Thursday, January 3, 2013

Are People Clutter?

I am a Christian, and I am friends with a lot of Christians, and I also spend time on Facebook because it is how I keep up with said friends who do not live near me. I now live in a town where I know about five people, and Facebook helps me stay connected to past relationships. I love this, but lately I have noticed more than a couple of them with status updates like, “Just cleaned out my friends list,” or “Time to de-clutter my friends list on Facebook.”

Every time I read a status like this, it bugged me a little bit, but I could not figure out why. It has never occurred to me to “de-clutter” my Facebook. If I get tired of someone’s posts, I just select not seeing them on my news feed. It takes all of five seconds to do this, and it is super easy. So it seems weird to me that good people, people I love and want to keep up with even though some of them live outside the country, would choose to “de-clutter” their friend’s lists.
Since when did it become okay to refer to people as clutter? It is difficult for me to understand why someone who loves the Lord, wants to live a godly life, would call people, clutter.

I suppose my perspective is different than most. You never know who on your friends list is seeing your status update. I have a friend from high school who I had not talked to since graduation in 2000, but we were friends on FB. We did not really talk on Facebook, either, but one day out of the blue moon I received a message from her saying how much my posts have helped her see Jesus on hard days. This is no small thing to me, and I feel that God can use a random status update to brighten the day of someone I have not spoken to in over 12 years.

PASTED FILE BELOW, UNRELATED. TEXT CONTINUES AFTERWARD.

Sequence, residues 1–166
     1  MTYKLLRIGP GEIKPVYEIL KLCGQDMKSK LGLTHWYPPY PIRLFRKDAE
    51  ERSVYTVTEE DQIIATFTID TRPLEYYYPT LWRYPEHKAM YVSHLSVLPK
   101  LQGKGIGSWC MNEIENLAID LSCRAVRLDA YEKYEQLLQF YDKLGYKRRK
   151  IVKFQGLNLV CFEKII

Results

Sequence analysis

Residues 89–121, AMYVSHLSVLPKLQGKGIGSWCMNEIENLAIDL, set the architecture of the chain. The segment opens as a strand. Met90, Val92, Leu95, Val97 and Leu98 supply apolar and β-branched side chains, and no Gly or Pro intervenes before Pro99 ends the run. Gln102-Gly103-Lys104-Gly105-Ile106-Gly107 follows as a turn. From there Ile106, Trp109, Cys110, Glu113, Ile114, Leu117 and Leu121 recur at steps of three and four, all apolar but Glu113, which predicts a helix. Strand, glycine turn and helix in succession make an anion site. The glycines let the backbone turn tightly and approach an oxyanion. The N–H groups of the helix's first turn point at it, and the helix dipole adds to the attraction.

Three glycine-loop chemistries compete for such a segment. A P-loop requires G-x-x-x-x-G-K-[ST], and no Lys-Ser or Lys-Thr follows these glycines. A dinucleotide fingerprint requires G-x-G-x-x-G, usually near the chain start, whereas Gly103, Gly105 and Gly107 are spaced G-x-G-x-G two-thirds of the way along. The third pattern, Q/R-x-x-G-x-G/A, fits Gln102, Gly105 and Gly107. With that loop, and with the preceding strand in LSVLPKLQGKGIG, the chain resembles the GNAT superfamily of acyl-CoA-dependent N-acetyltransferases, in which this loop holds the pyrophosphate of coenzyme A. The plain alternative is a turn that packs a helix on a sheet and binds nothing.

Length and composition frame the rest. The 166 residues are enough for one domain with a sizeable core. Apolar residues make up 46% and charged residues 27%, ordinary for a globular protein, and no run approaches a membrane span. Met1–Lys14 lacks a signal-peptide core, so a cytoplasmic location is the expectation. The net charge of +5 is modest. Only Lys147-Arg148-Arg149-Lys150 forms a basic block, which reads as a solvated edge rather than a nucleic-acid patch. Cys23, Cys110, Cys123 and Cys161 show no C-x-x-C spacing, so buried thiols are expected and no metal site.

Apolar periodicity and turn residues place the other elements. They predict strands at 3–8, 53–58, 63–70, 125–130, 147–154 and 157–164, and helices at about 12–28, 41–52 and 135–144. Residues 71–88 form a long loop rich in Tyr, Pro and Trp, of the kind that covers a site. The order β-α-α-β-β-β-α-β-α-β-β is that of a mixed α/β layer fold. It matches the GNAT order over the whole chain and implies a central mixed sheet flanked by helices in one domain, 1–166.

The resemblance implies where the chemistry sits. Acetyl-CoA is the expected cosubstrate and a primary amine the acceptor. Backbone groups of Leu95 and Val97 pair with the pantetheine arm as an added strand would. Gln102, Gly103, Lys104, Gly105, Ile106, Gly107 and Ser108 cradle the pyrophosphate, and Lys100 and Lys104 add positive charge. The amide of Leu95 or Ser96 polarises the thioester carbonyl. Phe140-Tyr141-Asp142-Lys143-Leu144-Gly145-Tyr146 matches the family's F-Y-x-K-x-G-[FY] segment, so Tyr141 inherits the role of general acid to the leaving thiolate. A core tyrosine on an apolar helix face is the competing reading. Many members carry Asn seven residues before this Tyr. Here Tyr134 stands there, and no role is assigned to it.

What does it say to a non-Christian person about who we are as Christians, when we refer to others as clutter?

And would anyone end a relationship in real life, telling the other person that they just need to downsize their life? It seems outright ridiculous when put into those terms.
I have recently been “de-cluttered” from someone I thought was a friend. This kind of thing comes off as incredibly hurtful for the person that has been un-friended, especially when that person thinks the relationship is on good terms.

As Christians, we need to think about the footprint we are leaving online, as well as in person, so that our actions reflect the life and love of Christ in the world. 

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